It's Halloween and once again I've arranged a seasonal battle to mark the occasion. Like last year (see here), this will be a battle between the Witches and the Puritans (Witch Hunters). This time, each of these forces will be supported by some rather uneasy allies, respectively the Rat Plague and the Five Musketeers.
[On a side note, I believe that this will be the 500th article on my blog. I had no idea the number had grown so large until I was looking for the links to insert in the previous paragraph...]
Very simple: witches, ghouls and other beasties intend to raid the village of Middle Dorking and carry off at least some of the locals (for use as sacrifices, slaves, playthings, food... Use your imagination!). The local authorities would like to stop them.
3 villagers have been placed along the table's centreline. Each of these can be moved, at a reduced rate, by anyone who has a model in base contact at the start of an action. Whoever holds the most at the end of the game wins! Note that in order to foster some unhealthy competition, each side (i.e. good or evil) wins or loses according to the number of objectives they have caught/saved. Within each side, the force with the larger number of villagers will be declared the major victor and the other force will only be allowed a minor victory.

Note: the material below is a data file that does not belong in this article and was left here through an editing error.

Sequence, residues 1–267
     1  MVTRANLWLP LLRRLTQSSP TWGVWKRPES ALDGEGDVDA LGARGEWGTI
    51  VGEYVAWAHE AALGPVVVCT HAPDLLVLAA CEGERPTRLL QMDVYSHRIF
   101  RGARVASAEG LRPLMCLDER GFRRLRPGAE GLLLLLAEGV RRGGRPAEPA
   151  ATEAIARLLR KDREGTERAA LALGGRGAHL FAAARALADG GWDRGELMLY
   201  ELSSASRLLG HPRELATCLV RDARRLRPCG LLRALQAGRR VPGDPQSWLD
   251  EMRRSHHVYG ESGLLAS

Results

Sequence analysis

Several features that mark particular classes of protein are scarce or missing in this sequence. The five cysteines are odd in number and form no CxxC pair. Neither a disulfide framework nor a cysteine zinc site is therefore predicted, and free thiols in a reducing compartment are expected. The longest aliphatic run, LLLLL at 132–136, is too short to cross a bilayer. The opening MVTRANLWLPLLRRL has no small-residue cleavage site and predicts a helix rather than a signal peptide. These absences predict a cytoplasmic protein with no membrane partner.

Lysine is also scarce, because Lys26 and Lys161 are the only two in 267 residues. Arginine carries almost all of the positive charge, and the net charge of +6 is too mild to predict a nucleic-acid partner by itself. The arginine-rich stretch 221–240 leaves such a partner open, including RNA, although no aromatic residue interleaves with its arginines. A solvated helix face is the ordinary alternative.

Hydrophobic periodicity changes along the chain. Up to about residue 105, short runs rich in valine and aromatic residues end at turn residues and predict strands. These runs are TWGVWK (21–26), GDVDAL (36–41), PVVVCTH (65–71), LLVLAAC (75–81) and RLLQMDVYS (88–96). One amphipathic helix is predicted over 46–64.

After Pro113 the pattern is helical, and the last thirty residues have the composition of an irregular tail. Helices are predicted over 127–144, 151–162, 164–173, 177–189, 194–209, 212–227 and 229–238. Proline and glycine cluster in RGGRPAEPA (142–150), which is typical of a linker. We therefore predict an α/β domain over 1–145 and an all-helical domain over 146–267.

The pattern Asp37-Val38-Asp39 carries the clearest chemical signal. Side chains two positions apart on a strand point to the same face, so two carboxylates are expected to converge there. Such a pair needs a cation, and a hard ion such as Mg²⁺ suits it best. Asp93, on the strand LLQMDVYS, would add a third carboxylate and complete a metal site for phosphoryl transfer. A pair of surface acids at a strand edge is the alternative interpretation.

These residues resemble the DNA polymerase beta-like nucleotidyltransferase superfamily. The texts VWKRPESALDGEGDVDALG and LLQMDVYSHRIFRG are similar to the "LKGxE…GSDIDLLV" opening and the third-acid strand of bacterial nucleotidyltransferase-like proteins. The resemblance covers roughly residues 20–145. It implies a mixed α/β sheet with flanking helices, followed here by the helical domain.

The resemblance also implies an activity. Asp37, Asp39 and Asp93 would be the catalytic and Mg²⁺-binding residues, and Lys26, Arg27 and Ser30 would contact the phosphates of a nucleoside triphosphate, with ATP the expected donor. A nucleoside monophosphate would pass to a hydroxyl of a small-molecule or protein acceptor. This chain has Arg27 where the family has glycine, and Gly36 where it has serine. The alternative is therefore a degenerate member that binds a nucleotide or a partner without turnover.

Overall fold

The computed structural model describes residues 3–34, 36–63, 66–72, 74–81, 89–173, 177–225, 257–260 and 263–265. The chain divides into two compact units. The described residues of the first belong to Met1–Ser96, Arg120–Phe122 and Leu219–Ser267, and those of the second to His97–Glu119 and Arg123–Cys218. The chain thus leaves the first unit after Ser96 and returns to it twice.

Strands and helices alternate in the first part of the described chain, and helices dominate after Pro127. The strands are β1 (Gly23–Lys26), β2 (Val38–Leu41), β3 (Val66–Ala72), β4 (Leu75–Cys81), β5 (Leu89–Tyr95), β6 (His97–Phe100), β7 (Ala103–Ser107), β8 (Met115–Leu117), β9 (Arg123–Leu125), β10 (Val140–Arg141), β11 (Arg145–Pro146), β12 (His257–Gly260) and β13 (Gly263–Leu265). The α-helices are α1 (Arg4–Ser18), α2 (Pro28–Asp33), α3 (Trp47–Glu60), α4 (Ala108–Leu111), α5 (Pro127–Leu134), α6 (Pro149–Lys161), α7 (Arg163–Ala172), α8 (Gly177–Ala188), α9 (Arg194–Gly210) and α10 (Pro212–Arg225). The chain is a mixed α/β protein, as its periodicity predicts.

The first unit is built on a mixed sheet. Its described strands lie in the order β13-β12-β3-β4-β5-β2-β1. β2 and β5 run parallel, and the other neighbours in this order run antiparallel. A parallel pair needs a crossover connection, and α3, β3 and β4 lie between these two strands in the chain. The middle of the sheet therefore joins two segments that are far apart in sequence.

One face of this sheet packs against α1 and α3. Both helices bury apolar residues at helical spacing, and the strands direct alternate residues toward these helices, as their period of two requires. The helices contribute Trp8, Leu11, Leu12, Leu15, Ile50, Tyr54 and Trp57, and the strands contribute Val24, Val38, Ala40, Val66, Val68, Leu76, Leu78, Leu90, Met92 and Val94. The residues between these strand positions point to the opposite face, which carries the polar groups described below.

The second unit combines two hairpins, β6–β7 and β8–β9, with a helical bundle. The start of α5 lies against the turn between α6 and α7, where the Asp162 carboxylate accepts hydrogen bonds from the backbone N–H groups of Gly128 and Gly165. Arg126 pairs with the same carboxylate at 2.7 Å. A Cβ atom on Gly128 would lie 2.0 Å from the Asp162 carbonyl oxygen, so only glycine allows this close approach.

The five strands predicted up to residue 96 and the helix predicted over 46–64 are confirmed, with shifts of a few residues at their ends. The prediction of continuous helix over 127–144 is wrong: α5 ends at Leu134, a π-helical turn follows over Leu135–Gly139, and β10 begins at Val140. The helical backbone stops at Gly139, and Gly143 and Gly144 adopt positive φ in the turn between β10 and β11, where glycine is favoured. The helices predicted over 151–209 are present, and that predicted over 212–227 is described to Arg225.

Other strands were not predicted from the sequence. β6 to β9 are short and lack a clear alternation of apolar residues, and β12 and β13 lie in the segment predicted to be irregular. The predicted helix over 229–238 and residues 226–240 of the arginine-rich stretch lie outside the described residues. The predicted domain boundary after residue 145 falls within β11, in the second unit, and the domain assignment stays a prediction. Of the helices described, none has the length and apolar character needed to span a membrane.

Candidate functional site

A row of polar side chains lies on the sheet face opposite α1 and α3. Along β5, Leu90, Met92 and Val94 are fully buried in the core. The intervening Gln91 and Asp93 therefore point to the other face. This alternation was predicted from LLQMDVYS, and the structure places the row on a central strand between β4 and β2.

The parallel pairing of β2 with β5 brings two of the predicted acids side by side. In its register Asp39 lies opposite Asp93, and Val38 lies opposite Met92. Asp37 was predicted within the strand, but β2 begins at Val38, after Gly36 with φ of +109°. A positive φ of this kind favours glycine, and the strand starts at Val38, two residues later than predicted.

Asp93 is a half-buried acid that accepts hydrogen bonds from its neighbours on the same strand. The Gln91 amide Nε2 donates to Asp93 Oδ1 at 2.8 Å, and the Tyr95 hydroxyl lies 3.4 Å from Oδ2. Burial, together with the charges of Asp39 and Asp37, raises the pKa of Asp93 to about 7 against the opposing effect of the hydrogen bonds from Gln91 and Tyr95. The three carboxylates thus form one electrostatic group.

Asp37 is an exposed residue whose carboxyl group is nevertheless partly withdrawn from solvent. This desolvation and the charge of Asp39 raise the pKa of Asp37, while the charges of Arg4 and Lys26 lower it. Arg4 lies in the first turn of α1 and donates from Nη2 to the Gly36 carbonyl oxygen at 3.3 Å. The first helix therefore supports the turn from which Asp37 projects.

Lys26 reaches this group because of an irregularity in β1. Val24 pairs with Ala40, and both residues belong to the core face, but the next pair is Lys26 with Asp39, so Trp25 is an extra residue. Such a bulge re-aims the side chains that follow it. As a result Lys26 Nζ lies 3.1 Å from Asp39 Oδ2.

For example, if the Puritans rescue 2 villagers and the Musketeers none then the Puritans win a major victory and the Musketeers must be content with a minor win. Even if the Witches have caught the third villager, the evil side still loses completely. Clear?
The rat monster is an exceptionally dangerous foe; as well as its very high normal combat score it gains another +2 for its berserk attribute. It loses this attribute as soon as it throws 3 failures in a single activation roll. In this game, that happened in its very first turn - so the creature was no longer berserk. Sighs of relief could be heard from the Puritans and Musketeers; this seemed like a very good omen for them!
Initially, the witches and rat swarms on the right surged forwards, though their bigger monsters on the left were sluggish and didn't make much progress. For the good side, pretty much the same pattern occurred: the musketeers advanced rapidly on their right, whilst the Puritans on their left were slow to move.
Athos grabbed the nearest villager and tried to drag him to safety - but the shocked young man wasn't easy to pull along and the rat monster was overhauling the pair rapidly!
In the centre, near the unlit pyre, D'Artagnan and Leroux bravely tried to stop the rat priest from taking away the blacksmith. They did look to be heavily outnumbered, but perhaps French élan would be enough to carry the day?